I read my best book of 2023 last week.
Now I don’t want to get too ahead of myself — I could read something else brilliant in the next few weeks. However, I think it will be hard for anything to top Safiya Sinclair’s fascinating and beautiful memoir, How to Say Babylon.
It’s been compared to Tara Westover’s powerful memoir, Educated. Like Westover, Sinclair explores her isolated upbringing in a strict religious household. Both are compelling stories of young girls navigating the rules and restrictions of their families’ religious beliefs and finding ways to break free.
Sinclair was raised in a strict Rastafari household in Jamaica, the oldest of four children — three girls and one boy. Besides being a memoir, the book also offers a fascinating window into Rastafari as a religion. Her parents had joined the religious movement as young adults. They were both from dysfunctional families with absent, estranged, or deceased parents. Rastafari held an obvious allure as they were both seeking structure, security, and empowerment as young adults in a sometimes hostile world with little familial support. While both parents followed the Rastafari’s teachings, Sinclair’s father became a strict adherent of the religion and imposed its patriarchal teachings on his family.
Sinclair, her mother, and her sisters bore the brunt of these strict patriarchal teachings and the constant fear that they’d be defiled by Babylon — the rest of the world outside of the strictures of Rastafari. He allowed his daughters to go to school but over the years restricted their movements outside the home otherwise. The outside world was too full of temptations and dangers that might lead them away from their religion.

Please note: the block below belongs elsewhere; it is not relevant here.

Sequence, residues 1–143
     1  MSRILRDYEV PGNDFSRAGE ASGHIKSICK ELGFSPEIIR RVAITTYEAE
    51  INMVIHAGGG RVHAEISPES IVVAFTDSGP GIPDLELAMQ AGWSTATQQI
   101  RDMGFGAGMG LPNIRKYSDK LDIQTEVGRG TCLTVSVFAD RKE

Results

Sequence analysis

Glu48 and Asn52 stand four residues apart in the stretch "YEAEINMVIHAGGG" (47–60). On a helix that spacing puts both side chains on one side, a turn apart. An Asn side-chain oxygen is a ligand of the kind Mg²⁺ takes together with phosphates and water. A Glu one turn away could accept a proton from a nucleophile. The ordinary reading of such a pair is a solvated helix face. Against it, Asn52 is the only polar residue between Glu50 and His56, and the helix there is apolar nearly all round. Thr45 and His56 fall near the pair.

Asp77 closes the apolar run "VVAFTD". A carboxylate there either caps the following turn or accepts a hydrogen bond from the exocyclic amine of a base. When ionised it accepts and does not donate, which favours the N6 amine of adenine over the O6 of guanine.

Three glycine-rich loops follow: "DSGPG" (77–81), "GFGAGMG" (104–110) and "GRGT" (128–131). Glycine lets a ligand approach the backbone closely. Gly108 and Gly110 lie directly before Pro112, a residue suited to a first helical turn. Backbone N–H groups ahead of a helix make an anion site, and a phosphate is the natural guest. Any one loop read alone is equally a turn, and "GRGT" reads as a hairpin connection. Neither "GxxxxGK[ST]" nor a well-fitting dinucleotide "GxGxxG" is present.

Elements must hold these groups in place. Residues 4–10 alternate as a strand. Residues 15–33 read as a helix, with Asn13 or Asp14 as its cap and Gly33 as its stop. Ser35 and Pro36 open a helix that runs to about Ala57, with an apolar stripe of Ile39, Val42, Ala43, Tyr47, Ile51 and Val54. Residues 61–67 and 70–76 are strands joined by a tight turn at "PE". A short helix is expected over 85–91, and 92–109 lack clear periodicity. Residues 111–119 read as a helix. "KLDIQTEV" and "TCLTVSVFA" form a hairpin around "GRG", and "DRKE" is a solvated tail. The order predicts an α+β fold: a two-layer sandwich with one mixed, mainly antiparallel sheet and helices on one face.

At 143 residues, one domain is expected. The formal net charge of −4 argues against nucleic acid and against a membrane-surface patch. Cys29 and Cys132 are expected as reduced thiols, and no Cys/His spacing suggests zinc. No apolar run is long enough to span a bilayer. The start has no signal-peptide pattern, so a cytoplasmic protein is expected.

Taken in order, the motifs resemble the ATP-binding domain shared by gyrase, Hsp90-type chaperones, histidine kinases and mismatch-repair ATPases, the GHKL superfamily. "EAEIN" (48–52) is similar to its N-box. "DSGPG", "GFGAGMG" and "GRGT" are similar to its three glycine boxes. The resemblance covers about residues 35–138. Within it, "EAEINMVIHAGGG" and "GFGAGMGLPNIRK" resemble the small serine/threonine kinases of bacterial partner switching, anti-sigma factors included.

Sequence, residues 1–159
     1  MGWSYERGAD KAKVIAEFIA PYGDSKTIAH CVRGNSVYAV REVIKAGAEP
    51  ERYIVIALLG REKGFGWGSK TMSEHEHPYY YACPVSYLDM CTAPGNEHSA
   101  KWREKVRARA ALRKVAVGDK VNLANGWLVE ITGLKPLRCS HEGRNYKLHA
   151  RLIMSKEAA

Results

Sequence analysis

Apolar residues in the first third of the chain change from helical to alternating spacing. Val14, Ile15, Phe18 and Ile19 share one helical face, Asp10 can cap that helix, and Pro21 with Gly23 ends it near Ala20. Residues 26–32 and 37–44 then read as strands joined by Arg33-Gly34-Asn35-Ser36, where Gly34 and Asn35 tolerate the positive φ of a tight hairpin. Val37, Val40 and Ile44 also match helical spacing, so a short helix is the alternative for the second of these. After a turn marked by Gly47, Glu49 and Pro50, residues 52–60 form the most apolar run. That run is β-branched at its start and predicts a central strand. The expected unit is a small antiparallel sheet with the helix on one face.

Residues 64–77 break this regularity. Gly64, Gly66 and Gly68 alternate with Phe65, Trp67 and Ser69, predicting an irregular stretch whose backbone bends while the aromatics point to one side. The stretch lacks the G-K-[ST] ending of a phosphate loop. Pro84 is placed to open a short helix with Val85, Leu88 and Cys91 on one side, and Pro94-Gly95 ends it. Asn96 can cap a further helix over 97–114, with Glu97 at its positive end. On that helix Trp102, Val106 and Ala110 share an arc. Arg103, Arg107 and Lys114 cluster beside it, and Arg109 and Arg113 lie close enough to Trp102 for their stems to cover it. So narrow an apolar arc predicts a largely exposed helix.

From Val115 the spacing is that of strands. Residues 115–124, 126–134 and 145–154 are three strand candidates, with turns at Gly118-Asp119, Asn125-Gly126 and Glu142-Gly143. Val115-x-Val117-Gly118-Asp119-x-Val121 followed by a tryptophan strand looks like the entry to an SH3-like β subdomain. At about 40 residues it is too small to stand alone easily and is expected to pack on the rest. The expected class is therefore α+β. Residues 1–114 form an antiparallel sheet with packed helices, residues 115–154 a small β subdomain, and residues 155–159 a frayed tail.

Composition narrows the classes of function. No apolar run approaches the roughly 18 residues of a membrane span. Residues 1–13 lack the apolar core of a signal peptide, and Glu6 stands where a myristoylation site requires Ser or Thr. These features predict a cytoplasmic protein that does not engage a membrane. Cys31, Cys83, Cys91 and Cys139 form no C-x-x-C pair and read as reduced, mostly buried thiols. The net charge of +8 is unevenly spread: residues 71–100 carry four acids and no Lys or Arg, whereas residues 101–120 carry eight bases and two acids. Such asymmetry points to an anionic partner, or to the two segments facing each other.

Despite their father’s authoritarian and sometimes violent control of the family, Sinclair and her siblings found ways to flourish, largely thanks to education and their own curiosity about the world. For Sinclair, the key to her escape became her love of writing and poetry. It was how she processed her upbringing and her complicated relationship with her father and Rastafarianism. It helped her cope with the trauma of being raised in such an isolated way. And finally, it offered her the ultimate ticket to freedom — a scholarship to a college in the United States.
I’m not doing the book justice here but just trust me — it’s a fascinating look into Rastafari as a religion and culture and a beautiful and painful account of a young girl finding freedom and power to step out of such a restrictive upbringing.
How to Say Babylon shows what a gift it is to be curious, to ask questions, and to explore. In a small way, it reminds me of the work we’re doing here at the Reformed Journal, creating a community that can ask questions and encourage curiosity about the beautiful and complex world we live in. And what a privilege it is to be able to do so.
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